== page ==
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IFEX - Women Speak Out Despite Taboos

IFEX - News from the international freedom of expression community _______________________________________________________________


7 March 2008

ARTICLE 19 profiles women speaking out despite taboos and censorship


(ARTICLE 19/IFEX) - The following is an ARTICLE 19 press release:

International Women's Day: Women confronting taboos and censorship

"Everyone has the right to freedom of opinion and expression: this right includes freedom to hold opinions without interference and to seek, receive and impart information and ideas through any media and regardless of frontiers." Universal Declaration of Human Rights, Article 19.

On the occasion of International Women's Day, 8 March 2008, ARTICLE 19 has published a set of portraits of women activists who are speaking out against taboos, laws, and their governments. The publication, entitled "Confronting Taboos and Censorship: Women Speaking Out", profiles women are claiming their right to speak and their right to impart information, including on issues which are often constructed as the most unmentionable of them all - rape and incest, reproduction and abortion, and sexuality.

"Throughout the world, women are prevented from seeking, receiving and imparting information on their rights including their right to life, right to health, and sexual and reproductive rights. They confront silence and fears. They are denied information that could save their lives. They die. Pressures and taboos from our societies and cultures are enforced or re-enforced, tacitly or explicitly, by our States," said Dr. Callamard, ARTICLE 19's Executive Director.

"Against these historical trends, Lina Khoury in Lebanon, Sunila Abeysekera in Sri Lanka, Jacira Melo in Brazil, activists in Mexico have taken on taboos, hypocrisy and the censors to put sexuality, rape and abortion on the political and social agenda, and uphold the mantle for women's rights."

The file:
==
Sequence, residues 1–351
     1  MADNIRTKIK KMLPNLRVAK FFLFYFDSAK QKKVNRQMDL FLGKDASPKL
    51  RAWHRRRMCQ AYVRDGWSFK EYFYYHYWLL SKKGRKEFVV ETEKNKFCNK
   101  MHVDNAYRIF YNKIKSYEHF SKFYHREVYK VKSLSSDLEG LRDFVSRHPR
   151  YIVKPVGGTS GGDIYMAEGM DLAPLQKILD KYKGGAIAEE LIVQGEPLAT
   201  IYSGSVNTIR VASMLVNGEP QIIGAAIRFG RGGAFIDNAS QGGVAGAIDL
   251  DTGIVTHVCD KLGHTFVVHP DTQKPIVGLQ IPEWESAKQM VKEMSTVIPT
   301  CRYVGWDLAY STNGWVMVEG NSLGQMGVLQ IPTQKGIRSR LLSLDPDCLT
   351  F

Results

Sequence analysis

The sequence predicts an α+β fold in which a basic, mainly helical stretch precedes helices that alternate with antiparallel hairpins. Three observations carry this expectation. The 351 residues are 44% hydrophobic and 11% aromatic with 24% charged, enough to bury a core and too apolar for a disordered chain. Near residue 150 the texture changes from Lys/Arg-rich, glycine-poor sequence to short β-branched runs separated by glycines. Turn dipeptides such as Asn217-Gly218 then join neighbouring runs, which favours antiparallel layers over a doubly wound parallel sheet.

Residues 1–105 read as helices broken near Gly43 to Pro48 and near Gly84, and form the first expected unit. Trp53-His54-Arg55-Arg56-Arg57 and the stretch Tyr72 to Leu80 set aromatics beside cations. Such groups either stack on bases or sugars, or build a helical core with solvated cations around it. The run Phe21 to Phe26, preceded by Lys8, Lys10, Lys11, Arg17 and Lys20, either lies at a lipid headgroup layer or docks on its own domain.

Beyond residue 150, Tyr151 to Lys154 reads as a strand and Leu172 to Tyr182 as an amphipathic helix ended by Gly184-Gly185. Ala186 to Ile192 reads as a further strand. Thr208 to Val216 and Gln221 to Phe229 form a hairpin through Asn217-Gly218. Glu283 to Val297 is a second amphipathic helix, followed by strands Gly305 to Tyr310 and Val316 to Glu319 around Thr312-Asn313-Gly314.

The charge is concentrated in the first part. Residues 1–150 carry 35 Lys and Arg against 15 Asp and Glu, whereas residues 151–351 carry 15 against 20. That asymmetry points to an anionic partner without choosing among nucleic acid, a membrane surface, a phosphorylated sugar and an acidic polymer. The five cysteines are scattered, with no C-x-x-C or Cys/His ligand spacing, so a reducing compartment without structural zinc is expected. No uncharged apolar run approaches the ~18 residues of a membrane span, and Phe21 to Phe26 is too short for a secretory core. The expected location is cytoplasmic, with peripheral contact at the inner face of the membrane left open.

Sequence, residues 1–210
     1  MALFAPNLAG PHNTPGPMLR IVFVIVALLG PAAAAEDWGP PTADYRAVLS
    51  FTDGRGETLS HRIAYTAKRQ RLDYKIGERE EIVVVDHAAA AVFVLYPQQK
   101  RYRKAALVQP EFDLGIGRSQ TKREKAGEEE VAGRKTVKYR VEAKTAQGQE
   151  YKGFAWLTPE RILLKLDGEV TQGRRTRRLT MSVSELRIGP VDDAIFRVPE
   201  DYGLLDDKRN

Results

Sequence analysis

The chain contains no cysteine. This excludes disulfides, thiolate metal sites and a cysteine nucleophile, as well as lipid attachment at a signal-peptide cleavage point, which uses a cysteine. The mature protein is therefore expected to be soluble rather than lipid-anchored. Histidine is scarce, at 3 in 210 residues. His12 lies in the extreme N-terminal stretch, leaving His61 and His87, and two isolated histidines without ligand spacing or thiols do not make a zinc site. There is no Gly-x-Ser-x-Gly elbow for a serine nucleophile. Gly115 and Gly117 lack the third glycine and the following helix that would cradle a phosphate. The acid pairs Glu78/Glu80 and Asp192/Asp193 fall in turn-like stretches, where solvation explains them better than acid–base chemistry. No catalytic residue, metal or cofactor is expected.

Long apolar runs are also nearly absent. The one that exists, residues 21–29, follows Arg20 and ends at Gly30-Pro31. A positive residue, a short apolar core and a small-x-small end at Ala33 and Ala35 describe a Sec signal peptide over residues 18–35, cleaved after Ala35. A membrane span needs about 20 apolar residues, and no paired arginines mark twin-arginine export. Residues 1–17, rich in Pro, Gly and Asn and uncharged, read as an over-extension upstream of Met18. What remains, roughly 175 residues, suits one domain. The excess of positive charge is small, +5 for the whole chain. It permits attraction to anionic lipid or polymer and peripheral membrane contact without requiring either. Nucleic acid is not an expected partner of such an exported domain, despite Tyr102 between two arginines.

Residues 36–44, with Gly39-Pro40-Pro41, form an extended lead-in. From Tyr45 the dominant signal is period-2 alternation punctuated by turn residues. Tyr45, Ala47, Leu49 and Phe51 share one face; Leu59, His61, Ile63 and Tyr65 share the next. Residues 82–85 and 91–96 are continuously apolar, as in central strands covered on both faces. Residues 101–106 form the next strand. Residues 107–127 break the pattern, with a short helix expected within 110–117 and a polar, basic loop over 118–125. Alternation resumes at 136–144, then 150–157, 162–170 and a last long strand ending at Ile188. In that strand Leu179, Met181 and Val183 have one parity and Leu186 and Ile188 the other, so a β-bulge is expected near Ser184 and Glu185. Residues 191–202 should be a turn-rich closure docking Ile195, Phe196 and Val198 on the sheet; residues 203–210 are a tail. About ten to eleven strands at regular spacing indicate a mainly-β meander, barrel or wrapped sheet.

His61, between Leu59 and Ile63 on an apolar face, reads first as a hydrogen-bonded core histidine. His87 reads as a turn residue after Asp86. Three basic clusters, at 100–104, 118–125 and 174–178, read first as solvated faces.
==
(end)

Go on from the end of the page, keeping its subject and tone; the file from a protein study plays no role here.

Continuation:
In Lebanon, Lina Khoury has triggered public debate about sex, harassment, domestic violence and "coco", otherwise known as the vagina, through her play Hakeh neswan (Arabic for Women's talk). In Brazil, Jacira Melo is promoting the reproductive rights of women through mass media, a difficult approach in Brazil due to the political influence exerted by conservative groups, especially the Catholic Church, which do not hesitate to refer to pro-abortion campaigners as "assassins". In Sri Lanka, Sunila Abeyesekera is actively promoting a broad discussion on the decriminalisation of abortion, and repeal of the sodomy laws under which homosexuality is a crime. She is advancing the cause of lesbians, bisexual women and transgendered persons. In Mexico, access to information activists, including ARTICLE 19 Mexico, have allied their efforts with those promoting the rights of women to campaign for a proper information regime on reproductive rights, particularly on women's right to abortion in Mexico City.

Dr. Callamard adds: "Governments must respect, protect and uphold women's right to freedom of expression. The kind of censorship experienced by Lina Khoury, Sunila Abeyesekera or Jacira Melo is simply unacceptable."

"Governments also bear a duty to inform women about their rights. They should, as well, inform the police and the medical establishment of the laws, policies, and guidelines, regarding such issues as contraception, abortion, and rape. Women are unjustly denied the proper police investigations or safe medical procedures to which they are legally entitled, because police or physicians are not properly informed about them, or are fearful and deterred from following them."

It is the responsibility of governments to ensure that the police force follows proper procedures when investigating allegations of rape or incest, and to make the rights to contraception or legal abortion transparent by publicising regulations and organising mass information campaigns."

"On the occasion of the 60th anniversary of the Universal Declaration of Human Rights, let's make sure that women claim as theirs the information space that centuries of silence and repression have denied them, and that we hold our governments to account whenever they fail to uphold our right to free expression and information."

The document is available at:


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